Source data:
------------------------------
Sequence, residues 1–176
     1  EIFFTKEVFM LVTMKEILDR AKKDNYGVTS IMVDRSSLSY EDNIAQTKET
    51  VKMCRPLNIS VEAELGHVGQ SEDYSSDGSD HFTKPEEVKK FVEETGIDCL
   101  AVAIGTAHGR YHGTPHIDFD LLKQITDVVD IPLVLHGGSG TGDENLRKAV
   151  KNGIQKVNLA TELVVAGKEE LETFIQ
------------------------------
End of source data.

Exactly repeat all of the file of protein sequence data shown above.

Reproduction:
Sequence, residues 1–176
     1  EIFFTKEVFM LVTMKEILDR AKKDNYGVTS IMVDRSSLSY EDNIAQTKET
    51  VKMCRPLNIS VEAELGHVGQ SEDYSSDGSD HFTKPEEVKK FVEETGIDCL
   101  AVAIGTAHGR YHGTPHIDFD LLKQITDVVD IPLVLHGGSG TGDENLRKAV
   151  KNGIQKVNLA TELVVAGKEE LETFIQ